Myshkin looks back on his life in a poor Indian village while he tries to piece together the jigsaw of his artist mother's abrupt disappearance when he was a child. He has spent his whole life awaiting her return. Fact intertwines with fiction, and real people feature, making this an enthralling read.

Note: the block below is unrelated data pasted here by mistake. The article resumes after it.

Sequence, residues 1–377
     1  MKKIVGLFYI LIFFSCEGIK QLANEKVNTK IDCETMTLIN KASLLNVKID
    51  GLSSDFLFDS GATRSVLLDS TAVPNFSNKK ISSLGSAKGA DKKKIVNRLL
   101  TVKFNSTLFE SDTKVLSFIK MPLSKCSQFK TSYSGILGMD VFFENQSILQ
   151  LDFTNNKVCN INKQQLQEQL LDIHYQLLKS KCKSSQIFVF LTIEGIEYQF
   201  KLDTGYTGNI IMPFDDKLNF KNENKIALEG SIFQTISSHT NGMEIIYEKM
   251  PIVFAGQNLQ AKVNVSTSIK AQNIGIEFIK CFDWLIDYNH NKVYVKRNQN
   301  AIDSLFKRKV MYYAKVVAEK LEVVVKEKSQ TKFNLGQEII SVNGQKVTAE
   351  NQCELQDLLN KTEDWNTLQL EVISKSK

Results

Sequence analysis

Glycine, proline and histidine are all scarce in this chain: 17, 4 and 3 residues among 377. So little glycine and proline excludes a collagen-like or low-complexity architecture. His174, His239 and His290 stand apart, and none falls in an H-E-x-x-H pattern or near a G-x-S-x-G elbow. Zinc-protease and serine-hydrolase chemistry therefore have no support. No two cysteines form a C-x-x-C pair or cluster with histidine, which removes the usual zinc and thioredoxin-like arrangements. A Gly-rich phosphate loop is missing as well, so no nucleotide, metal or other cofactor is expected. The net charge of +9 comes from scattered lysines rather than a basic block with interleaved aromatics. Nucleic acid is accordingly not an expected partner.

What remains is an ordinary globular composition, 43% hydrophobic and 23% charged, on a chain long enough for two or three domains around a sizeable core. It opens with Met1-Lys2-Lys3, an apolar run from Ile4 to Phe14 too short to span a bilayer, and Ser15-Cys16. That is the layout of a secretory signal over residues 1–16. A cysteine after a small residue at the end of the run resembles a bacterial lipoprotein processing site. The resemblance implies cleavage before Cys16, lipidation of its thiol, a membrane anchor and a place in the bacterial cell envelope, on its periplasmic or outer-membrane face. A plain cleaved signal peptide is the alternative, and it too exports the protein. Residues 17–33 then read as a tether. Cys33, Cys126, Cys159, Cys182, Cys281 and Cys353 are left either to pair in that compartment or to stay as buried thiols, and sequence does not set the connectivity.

I don't remember anything different about my mother in the hours before she ran off with an Englishman who was actually a German. Bulbous slate-grey clouds sat in wait that morning, low enough to touch. When my mother came out to see me off to school, she glanced up at the sky and shut her eyes with a squeal as she was showered by drops of water. 'Last night's rain is still raining' she said. The big trees that shaded the house gleamed and when the wind shook their branches they set off showers from their wet leaves. 'The clouds are so dark, it'll be a beautiful day. It'll pour and pour and when the sun comes out there will be a rainbow right from here to the railway station.' She wiped her face with a corner of her sari. 'You'd better hurry, you mustn't get wet. Are you carrying an extra shirt in your bag? You are not to sit in class soaked to the skin, you'll get fever.'